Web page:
Why I don’t feel triggered anymore with stories about abuse?

Why am I so drawn to stories about rape and abuse?

It would be normal for someone who has been abused to feel trigged by it, but after all this time in therapy — which isn’t long, to be honest — I feel somewhat okay to consume this kind of media. And let us be clear about what type of media I’m saying: it’s like Jane’s partial story in Big Little Lies or Charlie’s background in The Perks of Being a Wallflower or the Netflix’s short series Unbelievable. This type of media. Nothing even close to pornography, for example, which is recorded and socially accepted rape (we can enter that discuss later).

Image from LIFO

If anything, this helps me because after you come to terms with the abuse you want so much to feel like you are not the only one. And I know this sounds selfish and a bit weird and believe me I don’t want anybody to be abused but… when it happens to you it is so easy to feel like you are the only person in the world that is wrong. The only person that is so wrong that deserves this kind of punishment. You feel dirty, out of place, ashamed, afraid, like an alien and when you walk and see other people faces it all just seems like they know your secret and they are ready to point fingers at you because you did something horrible. And because of that you feel so fucking alone. It only gets worse because in most of the time when someone is raped people don’t believe in it — even when its child abuse — everyone always gets some excuse in the tip of their tongues; so the loneliness and the shame is amplified. So, yeah, knowing you are not alone helps you put things in perspective because you may think you’re wrong and deserves everything that happened to you but when you’re facing someone who went through the same things as you it is impossible to feel the same towards that person. You feel that surprise little thing called empathy. And by feeling empathy towards another person, with a little of help in the most cases, you learn to have it towards yourself.

Image from Thaaks.i Art.

When my therapist suggested me to see a group of support for abuse victims, I didn’t feel like it because I wasn’t in the place to look at other people faces and tell them what happened to me. I am far away from this place. But the security that a computer screen provides is enough for me to seek that support — if we only can call it that — in television media. And I supposed in writing in a platform in the internet where everyone has access to — but let us be honest: my life’s crisis isn’t that interesting.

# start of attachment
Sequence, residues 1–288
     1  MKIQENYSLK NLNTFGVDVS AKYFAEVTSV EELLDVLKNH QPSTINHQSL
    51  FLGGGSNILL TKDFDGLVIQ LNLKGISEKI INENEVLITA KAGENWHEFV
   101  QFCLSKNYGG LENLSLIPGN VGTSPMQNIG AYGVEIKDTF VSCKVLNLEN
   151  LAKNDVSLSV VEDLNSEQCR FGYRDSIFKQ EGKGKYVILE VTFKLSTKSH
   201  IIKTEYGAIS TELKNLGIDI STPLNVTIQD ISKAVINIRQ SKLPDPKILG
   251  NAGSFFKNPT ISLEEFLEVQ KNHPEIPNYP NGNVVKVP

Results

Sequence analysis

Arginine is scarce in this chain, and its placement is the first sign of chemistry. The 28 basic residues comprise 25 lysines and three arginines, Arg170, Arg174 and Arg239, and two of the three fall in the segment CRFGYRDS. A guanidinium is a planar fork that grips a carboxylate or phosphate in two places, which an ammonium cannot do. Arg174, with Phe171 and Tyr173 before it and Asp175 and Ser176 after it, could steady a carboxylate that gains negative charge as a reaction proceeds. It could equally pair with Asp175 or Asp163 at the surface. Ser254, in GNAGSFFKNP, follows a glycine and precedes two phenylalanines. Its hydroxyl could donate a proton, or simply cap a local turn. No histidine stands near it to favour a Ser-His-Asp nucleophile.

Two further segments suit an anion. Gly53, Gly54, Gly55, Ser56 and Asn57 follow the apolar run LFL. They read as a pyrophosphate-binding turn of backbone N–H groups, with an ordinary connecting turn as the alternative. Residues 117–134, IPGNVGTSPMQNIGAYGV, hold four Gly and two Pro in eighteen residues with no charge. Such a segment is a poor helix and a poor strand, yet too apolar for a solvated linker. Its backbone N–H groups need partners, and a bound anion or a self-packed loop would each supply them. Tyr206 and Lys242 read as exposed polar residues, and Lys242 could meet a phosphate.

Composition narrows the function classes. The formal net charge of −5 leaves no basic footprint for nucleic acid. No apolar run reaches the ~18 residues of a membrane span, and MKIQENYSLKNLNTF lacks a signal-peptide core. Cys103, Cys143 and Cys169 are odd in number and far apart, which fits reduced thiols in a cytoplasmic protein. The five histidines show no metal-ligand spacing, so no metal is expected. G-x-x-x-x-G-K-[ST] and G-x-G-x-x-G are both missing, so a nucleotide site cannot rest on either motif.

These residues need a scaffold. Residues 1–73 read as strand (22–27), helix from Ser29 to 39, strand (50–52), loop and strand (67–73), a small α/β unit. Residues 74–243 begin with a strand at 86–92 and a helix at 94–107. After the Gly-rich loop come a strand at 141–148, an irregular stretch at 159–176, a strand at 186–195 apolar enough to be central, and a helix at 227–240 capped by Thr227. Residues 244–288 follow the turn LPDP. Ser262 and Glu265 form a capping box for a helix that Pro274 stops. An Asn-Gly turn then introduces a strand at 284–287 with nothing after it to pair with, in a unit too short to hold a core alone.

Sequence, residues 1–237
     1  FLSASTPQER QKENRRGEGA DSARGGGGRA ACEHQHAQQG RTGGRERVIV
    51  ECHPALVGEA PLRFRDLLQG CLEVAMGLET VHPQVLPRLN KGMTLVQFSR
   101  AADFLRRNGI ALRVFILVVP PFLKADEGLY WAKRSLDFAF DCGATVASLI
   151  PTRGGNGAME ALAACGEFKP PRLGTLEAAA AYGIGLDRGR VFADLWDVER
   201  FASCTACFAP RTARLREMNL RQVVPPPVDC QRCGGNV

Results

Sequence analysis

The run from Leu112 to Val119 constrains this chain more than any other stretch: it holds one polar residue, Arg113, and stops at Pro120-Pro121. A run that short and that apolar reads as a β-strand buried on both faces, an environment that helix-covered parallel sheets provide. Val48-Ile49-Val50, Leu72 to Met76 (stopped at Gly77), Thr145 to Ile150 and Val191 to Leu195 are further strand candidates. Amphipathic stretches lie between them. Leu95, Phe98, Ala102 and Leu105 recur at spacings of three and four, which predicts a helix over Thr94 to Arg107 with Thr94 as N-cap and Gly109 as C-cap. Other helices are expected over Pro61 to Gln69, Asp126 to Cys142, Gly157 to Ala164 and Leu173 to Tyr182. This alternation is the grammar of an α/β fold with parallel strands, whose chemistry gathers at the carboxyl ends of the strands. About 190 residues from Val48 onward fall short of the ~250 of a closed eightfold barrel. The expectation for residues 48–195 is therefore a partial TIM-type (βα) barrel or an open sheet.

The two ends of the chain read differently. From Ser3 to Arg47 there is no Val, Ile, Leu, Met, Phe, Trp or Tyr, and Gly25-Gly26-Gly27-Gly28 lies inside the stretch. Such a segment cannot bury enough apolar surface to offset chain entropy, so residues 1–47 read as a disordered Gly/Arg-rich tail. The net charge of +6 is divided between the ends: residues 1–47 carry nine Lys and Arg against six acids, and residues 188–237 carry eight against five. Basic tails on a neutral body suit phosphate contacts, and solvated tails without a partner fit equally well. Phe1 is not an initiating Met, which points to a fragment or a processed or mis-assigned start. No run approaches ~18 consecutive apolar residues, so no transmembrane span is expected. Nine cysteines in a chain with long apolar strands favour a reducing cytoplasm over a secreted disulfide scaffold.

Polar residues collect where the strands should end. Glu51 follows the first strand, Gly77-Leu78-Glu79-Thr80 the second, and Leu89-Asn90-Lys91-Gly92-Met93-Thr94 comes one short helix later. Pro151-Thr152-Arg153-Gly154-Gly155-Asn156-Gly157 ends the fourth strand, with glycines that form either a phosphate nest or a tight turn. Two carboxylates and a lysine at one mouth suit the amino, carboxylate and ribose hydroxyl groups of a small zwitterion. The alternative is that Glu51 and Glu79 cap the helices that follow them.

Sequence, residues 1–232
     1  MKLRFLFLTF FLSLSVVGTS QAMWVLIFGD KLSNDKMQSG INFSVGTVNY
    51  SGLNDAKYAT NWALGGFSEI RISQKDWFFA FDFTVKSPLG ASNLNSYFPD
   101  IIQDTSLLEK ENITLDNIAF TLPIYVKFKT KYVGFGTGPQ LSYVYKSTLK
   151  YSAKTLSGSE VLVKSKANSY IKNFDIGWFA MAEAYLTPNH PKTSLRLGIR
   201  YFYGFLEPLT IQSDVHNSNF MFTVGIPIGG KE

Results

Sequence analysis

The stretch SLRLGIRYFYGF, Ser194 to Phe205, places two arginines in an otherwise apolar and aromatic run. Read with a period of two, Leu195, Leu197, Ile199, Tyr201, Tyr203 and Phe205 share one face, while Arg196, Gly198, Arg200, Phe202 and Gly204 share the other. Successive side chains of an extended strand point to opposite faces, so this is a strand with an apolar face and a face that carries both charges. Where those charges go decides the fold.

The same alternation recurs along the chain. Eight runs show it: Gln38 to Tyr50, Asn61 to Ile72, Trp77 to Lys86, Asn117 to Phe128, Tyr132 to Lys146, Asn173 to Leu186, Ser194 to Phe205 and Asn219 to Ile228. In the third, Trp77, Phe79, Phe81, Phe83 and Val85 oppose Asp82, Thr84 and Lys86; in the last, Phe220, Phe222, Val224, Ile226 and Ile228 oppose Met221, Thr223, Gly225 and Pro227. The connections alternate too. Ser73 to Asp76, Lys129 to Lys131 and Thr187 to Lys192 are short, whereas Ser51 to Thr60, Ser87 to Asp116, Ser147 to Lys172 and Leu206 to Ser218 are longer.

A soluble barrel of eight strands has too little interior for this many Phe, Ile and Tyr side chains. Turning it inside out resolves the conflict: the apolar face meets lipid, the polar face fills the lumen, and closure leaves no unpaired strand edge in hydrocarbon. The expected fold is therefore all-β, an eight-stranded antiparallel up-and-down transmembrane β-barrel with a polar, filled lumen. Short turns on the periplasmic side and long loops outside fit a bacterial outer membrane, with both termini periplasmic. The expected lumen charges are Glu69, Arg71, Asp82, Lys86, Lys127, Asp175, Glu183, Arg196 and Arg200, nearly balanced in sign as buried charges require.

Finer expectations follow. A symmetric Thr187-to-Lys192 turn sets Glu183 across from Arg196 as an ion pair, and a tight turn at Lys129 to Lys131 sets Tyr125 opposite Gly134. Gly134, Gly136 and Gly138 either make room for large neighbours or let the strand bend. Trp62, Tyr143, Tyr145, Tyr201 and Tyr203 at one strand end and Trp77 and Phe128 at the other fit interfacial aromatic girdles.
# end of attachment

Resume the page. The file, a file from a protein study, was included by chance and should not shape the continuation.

As every first time for anything you usually don’t know what to do and it is still true when it comes to dealing with abuse. Especially when you are the victim. It may seem weird, but you do feel like you need a manual on how to do things. Should I feel all this anger? Should I be afraid of their face? Should I cross the street when I see them? Should I still want to have sex with other people? Should I not? Should I be okay with seeing a tv show that shows rape? Only in therapy I learned — as crazy as it sounds — that is okay to feel anything about it. There is no manual as how the victim should feel or act. And in fact, there are some feelings that are mutual to all of us but how we dealt with them is different for every person. But even so I wanted to know how other people react to it, and since I don’t have the balls to go and meet other survivors face to face, I’ll go to the next closest place: television.

Yes, you are probably wondering why the fuck I don’t act normal and go to a site or a safe forum, anything really apart from fiction, to actually see reports of the actual victims sharing their stories but I really can’t do that.

And then you ask me: Why not?

Well, I supposed I am still in denial of everything — I’m not 100% sure about that but then again what I’m really sure when it comes to emotions? The thing with seeing something on television is the fact that you know it aren’t real. It may be based on real life events, but you can disassociate enough to pretend that it is all an illusion.

The truth is: I don’t want it to be real. So, I will not be looking for real solutions and real people. I am going to look for the stories because maybe if I wish and pretend hard enough what happened to me is just a story I told myself.

If you made until here: thanks!

And make yourself a favor and watch Unbelievable, an Netflix original short series about a series of rape victims and how the justice system didn’t believe in them and The Tale a film by Jennifer Fox, about the abuse she suffered as a child but only recognized later in her adult life.

The former has Toni Collette and Merritt Wever as the detectives and the latter has Laura Dern as Jennifer — if you need that extra motivation.

Engineer student, aspiring writer and activist. My life is a mess. Contact: alessandrafigueiredo@outlook.com | I write in English and/or Portuguese.

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